The Cheater’s Guide to Spotify

Scammers Are Gaming Spotify by Faking Collaborations With Famous Artists

Users like Wali Da Great are growing infamous for tricking streaming listeners with falsified metadata

Peter Slattery
Published in
7 min readJun 1, 2020
Photo illustration. Photo source: SIphotography/Getty Images

Welcome to The Cheater’s Guide to Spotify, a series about the schemes that rack up streams, money, and infamy on the popular streaming service.

If you’ve just discovered rising Dallas rapper Lil Loaded, and want to hear a bunch of his hits in one convenient spot, Spotify has just the feature for you. Like many popular artists, there’s a “This Is” playlist for the MC, a grouping of his “essential tracks” that the platform’s team creates. However, listen to the playlist for a while, and a few songs sound out of place. In fact, though tracks 12, 14, and 16 on “This Is Lil Loaded” list Lil Loaded as a featured artist, he’s not on them at all. Instead, you’ll only hear some truly wince-worthy rhymes from some entirely different artist who goes by the name “Wali Da Great.”

People have gone to some pretty silly lengths to inflate their Spotify streaming numbers, but this is a method that’s largely flown under the radar: fake artist features. Similar to other streaming schemes and Soulja Boy’s scams of yore, which involved mislabeled LimeWire files, the trick is a bait-and-switch. First, the aspiring streaming star uploads a song to Spotify using a third-party site. When filling out the track’s information, they add a popular artist as “featured” (when they are, in fact, not involved with the song at all). If the fabricated metadata sneaks past whatever safeguards the third-party site may have in place, as well the “featured” artist’s team, Spotify’s algorithm will do the rest, placing your duplicitous ditty in prime spots across the platform.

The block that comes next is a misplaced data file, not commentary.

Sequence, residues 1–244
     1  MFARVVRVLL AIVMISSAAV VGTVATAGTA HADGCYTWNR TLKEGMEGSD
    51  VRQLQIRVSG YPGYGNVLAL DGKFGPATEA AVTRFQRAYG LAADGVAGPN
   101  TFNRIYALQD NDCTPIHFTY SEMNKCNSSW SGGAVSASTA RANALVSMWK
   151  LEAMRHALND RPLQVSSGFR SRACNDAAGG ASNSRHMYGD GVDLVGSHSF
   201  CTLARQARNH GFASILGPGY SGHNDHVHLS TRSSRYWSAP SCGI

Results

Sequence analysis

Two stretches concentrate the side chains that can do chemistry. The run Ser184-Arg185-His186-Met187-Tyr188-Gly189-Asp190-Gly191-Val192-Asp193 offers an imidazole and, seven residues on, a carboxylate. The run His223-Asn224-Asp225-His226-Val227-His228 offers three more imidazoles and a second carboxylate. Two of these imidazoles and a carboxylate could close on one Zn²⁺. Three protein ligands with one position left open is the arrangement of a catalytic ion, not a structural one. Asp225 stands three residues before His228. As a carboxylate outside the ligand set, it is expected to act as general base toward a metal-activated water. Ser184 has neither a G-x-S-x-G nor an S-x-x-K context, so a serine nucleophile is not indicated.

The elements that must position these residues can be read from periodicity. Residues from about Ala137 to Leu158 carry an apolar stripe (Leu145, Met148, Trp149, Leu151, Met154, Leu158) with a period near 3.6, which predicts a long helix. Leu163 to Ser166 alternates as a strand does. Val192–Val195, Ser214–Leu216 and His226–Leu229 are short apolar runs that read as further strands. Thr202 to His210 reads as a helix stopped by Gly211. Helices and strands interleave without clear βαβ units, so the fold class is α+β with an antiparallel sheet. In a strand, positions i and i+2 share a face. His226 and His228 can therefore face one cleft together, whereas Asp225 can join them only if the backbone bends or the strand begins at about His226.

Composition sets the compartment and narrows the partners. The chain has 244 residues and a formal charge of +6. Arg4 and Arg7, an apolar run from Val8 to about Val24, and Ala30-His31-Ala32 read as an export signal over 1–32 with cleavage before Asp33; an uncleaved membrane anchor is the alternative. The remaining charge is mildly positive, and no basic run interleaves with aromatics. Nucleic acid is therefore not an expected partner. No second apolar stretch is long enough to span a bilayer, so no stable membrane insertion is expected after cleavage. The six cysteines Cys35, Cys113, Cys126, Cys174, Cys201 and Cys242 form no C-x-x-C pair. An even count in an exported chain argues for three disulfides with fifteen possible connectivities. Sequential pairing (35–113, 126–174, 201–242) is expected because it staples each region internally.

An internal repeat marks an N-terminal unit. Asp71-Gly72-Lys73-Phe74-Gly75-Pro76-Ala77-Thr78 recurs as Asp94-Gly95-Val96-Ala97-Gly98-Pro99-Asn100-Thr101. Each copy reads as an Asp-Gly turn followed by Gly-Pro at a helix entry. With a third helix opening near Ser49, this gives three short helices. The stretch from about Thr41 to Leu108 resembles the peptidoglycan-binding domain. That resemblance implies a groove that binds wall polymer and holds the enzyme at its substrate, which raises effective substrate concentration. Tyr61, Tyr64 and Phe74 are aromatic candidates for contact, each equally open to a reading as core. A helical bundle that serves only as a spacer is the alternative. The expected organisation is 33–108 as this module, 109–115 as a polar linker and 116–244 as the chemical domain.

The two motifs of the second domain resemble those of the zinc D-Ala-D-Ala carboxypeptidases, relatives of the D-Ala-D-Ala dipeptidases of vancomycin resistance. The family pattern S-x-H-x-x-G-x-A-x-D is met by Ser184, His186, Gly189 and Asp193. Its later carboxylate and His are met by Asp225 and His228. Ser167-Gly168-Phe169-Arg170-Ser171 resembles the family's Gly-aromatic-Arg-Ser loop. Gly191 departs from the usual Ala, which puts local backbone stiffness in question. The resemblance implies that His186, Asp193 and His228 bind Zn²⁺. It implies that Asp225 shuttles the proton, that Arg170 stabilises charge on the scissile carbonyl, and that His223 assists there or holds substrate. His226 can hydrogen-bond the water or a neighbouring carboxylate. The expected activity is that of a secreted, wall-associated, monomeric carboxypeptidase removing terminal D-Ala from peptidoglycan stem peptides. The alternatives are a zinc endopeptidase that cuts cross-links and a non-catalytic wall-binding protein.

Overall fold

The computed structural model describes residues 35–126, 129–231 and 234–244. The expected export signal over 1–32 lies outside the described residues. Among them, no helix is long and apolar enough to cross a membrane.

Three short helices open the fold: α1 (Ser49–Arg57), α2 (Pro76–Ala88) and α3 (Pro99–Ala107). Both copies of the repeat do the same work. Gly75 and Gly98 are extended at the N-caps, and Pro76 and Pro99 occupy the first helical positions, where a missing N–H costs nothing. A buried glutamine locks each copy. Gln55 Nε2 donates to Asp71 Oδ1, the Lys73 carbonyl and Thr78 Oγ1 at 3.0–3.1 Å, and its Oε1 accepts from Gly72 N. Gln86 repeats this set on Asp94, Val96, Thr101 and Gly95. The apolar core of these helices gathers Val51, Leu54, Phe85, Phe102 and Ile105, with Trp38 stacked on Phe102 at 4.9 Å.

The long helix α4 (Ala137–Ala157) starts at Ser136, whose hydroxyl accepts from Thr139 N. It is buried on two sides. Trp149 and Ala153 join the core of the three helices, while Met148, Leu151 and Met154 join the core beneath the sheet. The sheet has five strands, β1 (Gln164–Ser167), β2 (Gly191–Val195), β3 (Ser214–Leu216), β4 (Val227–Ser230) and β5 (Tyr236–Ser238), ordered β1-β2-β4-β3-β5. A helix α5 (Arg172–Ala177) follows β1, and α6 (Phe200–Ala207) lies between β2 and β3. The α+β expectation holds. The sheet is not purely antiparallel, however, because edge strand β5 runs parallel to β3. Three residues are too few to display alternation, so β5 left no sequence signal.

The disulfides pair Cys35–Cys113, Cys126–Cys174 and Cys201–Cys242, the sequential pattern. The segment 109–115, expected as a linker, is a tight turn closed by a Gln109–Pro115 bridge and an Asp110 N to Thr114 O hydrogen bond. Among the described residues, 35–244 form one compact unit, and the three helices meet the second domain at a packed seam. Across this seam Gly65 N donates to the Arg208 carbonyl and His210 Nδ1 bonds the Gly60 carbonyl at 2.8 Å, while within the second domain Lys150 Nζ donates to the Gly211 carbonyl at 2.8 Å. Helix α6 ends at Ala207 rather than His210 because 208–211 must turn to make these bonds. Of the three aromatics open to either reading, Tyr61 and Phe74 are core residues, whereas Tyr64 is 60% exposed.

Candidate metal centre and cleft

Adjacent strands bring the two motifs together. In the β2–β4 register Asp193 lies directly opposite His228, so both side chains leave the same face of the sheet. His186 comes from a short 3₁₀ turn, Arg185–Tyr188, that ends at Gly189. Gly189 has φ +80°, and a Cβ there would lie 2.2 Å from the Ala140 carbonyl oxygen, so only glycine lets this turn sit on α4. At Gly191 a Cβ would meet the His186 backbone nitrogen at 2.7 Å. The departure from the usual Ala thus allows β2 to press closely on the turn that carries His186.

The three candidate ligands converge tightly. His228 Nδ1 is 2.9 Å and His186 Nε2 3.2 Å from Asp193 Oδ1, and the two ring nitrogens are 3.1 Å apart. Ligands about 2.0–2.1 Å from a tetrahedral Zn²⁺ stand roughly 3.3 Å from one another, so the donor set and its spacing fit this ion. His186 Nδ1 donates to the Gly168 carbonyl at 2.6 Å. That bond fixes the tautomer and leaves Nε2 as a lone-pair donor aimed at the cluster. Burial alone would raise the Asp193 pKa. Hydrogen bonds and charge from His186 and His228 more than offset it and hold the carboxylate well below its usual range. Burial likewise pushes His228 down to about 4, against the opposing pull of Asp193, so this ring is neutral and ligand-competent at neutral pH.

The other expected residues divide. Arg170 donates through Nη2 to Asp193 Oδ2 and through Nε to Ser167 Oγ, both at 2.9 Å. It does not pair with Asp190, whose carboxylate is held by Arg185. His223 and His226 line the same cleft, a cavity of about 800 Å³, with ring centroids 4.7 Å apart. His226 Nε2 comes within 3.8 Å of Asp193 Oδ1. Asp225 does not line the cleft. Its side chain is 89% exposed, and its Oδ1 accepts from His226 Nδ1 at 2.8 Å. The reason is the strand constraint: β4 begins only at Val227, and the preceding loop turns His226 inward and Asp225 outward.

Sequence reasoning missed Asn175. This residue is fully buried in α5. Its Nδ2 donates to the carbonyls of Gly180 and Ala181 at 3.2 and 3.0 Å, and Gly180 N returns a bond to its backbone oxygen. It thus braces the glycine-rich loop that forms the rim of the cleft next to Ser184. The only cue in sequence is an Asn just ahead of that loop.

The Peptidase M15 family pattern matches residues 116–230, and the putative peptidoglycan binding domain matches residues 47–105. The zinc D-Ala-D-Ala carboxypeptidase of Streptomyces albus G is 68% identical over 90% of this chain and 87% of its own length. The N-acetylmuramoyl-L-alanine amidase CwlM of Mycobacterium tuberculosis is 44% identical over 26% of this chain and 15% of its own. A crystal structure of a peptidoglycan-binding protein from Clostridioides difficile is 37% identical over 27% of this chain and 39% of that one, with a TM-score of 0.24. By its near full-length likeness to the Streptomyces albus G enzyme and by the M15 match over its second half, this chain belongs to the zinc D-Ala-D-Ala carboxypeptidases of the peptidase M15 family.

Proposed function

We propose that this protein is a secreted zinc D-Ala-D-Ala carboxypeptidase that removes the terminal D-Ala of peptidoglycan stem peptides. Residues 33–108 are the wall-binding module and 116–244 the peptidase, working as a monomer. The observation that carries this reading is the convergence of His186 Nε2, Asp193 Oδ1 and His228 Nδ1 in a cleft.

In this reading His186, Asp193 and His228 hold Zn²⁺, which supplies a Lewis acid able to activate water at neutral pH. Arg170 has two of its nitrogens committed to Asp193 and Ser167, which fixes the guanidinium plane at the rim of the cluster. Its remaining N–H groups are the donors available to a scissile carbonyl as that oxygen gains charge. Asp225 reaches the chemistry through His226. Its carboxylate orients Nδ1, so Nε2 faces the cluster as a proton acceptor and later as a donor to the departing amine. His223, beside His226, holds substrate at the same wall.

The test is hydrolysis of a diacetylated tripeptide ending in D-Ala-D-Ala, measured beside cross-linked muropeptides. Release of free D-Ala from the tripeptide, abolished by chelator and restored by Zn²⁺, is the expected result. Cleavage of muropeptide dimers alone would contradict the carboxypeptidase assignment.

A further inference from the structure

The system takes advantage of the way Spotify handles music uploads and metadata, and exposes a continued challenge for big streaming platforms: vetting their extremely large catalogs for frauds and phonies. Spotify doesn’t allow manual uploads from musicians. Instead, it requires them to use a digital distributor to put songs on the platform, recommending a preferred list of distribution companies that “meet our standards for providing quality…